Jack Whybrow

Jack Whybrow


  • 1.06g Thomas Paine Study Centre

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Personal profile


Jack was reappointed as a Lecturer in Business Statistics in May 2019. Prior to this he was employed as a Business Tutor between Sept’15 and April’19. He also took on the role of Senior Deputy Adviser for the school in September 2019 and remains in post.

Jack completed a PhD in Applied Econometrics and Policy Analysis in 2018 and more recently a Post Graduate Certificate in Higher Education Practice. Jack is also a registered Fellow of the Higher Education Academy.

This academic year (2019-20) Jack is the module organiser and delivers all the teaching for NBS-4009Y Cases in Economics for Business. This module is for Business students who have an A-Level or equivalent in Economics. He will also be lecturing in the Spring semester for NBS-4004Y Introduction to Quantititative Methods and NBS-7064Y Business Research Methods. In the past he has also lecturered on NBS-5016Y International Business, co-lectured a module (buyer behaviour and interactive marketing) for the MBA programme, guest lectured for the School of Economics (in Labour Economics) and delivered seminars for a variety of modules (both for NBS and ECO).

Key Research Interests and Expertise

Jack completed his PhD in Sept'18. This was undertaken with the School of Economics and investigated the determinants of UK Higher Education participation across multiple cohorts. His external examiners were Prof. John Micklewright (UCL) and Dr. Jo Blanden (Surrey).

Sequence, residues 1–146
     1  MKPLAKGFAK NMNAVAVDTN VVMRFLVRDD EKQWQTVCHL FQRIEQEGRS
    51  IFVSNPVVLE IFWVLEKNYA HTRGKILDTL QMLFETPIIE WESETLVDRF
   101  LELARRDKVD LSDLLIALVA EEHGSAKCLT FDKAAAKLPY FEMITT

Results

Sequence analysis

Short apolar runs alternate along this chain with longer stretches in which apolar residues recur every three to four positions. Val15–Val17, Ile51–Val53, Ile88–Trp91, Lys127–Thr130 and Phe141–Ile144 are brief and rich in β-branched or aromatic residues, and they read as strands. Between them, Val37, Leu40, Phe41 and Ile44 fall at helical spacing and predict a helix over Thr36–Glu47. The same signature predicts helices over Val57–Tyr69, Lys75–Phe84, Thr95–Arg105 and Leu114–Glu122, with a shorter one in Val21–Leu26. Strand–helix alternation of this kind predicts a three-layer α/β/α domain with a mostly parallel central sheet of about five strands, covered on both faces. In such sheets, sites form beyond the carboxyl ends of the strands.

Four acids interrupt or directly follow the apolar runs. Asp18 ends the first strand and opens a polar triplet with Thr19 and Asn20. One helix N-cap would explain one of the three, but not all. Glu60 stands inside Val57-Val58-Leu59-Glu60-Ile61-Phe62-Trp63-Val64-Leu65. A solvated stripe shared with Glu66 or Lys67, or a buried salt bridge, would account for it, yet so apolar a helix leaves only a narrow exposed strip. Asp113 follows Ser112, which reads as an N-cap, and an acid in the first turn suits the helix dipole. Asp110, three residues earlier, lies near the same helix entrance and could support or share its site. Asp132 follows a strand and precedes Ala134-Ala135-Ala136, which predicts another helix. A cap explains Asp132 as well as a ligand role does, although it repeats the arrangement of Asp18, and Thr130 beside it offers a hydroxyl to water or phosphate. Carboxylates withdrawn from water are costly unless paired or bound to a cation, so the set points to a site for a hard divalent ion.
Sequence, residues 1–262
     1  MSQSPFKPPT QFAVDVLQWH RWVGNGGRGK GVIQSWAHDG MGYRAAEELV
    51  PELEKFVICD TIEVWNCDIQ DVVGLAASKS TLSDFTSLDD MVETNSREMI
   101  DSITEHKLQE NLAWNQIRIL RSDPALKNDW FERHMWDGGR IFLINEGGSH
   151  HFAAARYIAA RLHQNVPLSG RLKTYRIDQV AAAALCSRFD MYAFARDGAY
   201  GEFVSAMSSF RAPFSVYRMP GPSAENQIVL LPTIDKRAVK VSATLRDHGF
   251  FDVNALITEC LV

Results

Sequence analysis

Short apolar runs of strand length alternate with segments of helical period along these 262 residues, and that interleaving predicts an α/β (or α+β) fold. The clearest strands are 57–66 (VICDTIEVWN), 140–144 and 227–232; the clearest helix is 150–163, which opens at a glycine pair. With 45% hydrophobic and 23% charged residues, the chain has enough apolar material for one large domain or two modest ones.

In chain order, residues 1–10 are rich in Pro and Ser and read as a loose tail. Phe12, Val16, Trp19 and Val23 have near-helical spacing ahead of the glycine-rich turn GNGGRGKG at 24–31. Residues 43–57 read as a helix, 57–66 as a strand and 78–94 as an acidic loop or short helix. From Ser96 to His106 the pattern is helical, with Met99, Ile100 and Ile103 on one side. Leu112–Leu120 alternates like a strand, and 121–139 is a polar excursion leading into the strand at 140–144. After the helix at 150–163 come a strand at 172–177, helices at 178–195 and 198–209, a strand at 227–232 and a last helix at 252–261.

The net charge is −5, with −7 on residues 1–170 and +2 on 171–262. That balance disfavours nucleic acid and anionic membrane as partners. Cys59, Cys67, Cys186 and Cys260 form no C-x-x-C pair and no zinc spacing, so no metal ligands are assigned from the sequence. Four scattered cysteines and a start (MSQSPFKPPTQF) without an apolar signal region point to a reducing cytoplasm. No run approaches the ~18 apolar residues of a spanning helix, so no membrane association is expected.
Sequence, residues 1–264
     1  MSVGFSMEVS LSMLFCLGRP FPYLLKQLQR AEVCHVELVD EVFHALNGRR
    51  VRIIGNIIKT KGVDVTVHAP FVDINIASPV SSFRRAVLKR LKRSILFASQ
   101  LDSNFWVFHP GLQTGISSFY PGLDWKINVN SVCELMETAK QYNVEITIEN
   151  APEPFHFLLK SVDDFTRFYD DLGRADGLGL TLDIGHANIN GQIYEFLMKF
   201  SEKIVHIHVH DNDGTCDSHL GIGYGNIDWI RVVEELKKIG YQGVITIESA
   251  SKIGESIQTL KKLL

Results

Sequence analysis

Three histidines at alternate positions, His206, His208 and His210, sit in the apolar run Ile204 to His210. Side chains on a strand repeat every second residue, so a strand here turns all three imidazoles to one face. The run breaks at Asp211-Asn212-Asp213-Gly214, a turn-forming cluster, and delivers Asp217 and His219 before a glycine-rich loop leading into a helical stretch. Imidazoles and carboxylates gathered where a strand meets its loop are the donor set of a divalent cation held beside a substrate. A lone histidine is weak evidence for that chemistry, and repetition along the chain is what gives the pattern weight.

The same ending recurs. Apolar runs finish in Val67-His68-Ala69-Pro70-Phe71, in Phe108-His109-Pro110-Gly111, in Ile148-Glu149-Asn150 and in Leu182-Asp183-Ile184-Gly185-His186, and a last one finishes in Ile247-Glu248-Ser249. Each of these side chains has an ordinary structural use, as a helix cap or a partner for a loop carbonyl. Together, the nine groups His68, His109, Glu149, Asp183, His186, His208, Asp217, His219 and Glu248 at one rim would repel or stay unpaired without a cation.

This PhD research is interdisciplinary but broadly falls under the Economics of Education. Specifically, he assesses the changing cultural and social influences with respect to UK Higher Education participation. To do this he utilises 3 cohorts, namely the National Child Development Study (NCDS), British Cohort Study (BCS70) and Longitudinal Study of Young People in England (LSYPE). In his first chapter he estimates a logistic model of HE participation for the NCDS and BCS70, controlling for a range of individual (including a measure of cognitive ability) and background characteristics. To this he added some simple comparable measures (principal components) of Cultural and Social Capital. His second chapter estimates a more comprehensive model for the more recent LSYPE cohort. The main contribution of this chapter is to introduce additional measures of Habitus and contextual forms of Social Capital (at home and at school). His last empirical chapter, which also utilises the LSYPE, estimates a multilevel logistic model (given the data’s two-stage stratified sampling design), with the aim of assessing the role schools and their characteristics play in relation to these capitals and Higher Education more generally. To his knowledge this is the first UK focused study to explore the influences of these capitals on determining who goes on to study in Higher Education. 

Jack is actively looking to pursue a variety of related research projects in the future.